A handbook published on March 1st by the Cambridge Institute for Sustainability Leadership encourages financial institutions to begin embedding nature into mainstream financial models, risk frameworks and portfolio strategies, notably by providing a framework for identifying nature-related financial risks.



In the same vein, the UN Principles for Responsible Investment have published a discussion paper on investor action on biodiversity (available here), which describes possible actions: awareness and commitments, stewardship, policy (EU Taxonomy, investor disclosure…), and other meaningful data.

The paper recommends that investors should :

  • allocate capital to sectors or business models which are avoiding and reducing biodiversity loss and increase opportunities for positive outcomes on the ground;

  • engage investees on reducing negative biodiversity outcomes and design stewardship approaches to deliver positive biodiversity outcomes;

  • engage policy makers on reforming incentives, including subsidies, to activities that drive biodiversity loss;

  • build internal capacity to ensure awareness of biodiversity’s importance;

  • test new tools and measurement approaches to understand how investments shape biodiversity outcomes;

  • engage with companies and data service providers to provide meaningful, consistent data;

  • engage with green funds, bonds, commodities and certification schemes to integrate biodiversity into existing standards; and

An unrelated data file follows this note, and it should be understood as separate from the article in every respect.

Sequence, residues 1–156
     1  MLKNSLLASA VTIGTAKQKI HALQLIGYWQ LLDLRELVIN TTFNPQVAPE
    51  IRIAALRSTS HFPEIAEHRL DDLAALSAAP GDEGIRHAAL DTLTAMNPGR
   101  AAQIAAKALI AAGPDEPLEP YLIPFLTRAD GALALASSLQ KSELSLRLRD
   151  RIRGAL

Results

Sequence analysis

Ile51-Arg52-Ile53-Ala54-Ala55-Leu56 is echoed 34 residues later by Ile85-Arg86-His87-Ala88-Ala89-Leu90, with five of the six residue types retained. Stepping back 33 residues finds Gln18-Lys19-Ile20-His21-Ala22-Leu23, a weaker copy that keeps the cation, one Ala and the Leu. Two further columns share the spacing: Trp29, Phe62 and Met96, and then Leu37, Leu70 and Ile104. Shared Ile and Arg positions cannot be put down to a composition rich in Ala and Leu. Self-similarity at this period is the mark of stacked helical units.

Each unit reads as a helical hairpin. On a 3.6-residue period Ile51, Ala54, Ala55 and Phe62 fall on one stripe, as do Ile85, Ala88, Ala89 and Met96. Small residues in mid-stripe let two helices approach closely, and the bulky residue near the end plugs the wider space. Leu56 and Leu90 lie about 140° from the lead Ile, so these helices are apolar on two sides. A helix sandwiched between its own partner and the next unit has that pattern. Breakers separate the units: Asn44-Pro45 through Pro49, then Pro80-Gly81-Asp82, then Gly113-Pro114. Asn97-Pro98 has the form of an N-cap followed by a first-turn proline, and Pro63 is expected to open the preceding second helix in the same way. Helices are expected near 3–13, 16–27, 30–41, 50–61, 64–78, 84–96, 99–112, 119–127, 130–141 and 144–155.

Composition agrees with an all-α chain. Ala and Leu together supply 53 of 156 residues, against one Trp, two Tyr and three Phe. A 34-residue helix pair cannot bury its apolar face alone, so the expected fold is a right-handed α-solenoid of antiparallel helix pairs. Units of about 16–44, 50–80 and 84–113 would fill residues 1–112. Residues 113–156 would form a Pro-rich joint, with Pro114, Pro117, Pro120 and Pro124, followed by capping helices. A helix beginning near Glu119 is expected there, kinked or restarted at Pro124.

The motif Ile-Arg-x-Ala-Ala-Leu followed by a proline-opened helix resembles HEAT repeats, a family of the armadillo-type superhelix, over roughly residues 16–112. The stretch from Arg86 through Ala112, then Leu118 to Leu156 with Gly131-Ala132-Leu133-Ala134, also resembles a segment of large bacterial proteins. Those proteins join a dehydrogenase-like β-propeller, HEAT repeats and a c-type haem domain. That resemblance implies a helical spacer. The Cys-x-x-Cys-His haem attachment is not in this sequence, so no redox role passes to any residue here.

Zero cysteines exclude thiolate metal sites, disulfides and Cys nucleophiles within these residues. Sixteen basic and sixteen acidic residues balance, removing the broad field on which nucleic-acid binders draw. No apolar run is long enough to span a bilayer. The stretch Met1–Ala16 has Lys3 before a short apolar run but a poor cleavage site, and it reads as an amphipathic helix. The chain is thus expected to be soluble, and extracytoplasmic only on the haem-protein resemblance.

• collaborate with peers and stakeholders to enhance nature-related financial disclosures.


Across the pond: recapturing U.S leadership on climate and sustainable finance


While the CEPII has published an interesting brief about the recent alignment of the EU and the US on climate (see here, in French), the U.S Environmental Defense Fund, an NGO dedicated to environmental protection, published on March 2, 2021 a report entitled “Recapturing U.S Leadership on Climate: Setting an Ambitious and Credible Nationally Determined Contribution”, that demonstrates how a 50% greenhouse gas emissions reduction is achievable in the U.S through multiple policy pathways (including new legislation limiting emissions for the power sector, vehicle standards, methane standards (Appendix C is particularly enlightening), advances in climate-smart agriculture and forestry). It insists a whole-of-government approach is needed: “An enforceable declining limit on emissions and a price on carbon can supercharge action across the economy, allowing us to get there faster and more affordably, and ensure we hit our climate goals”.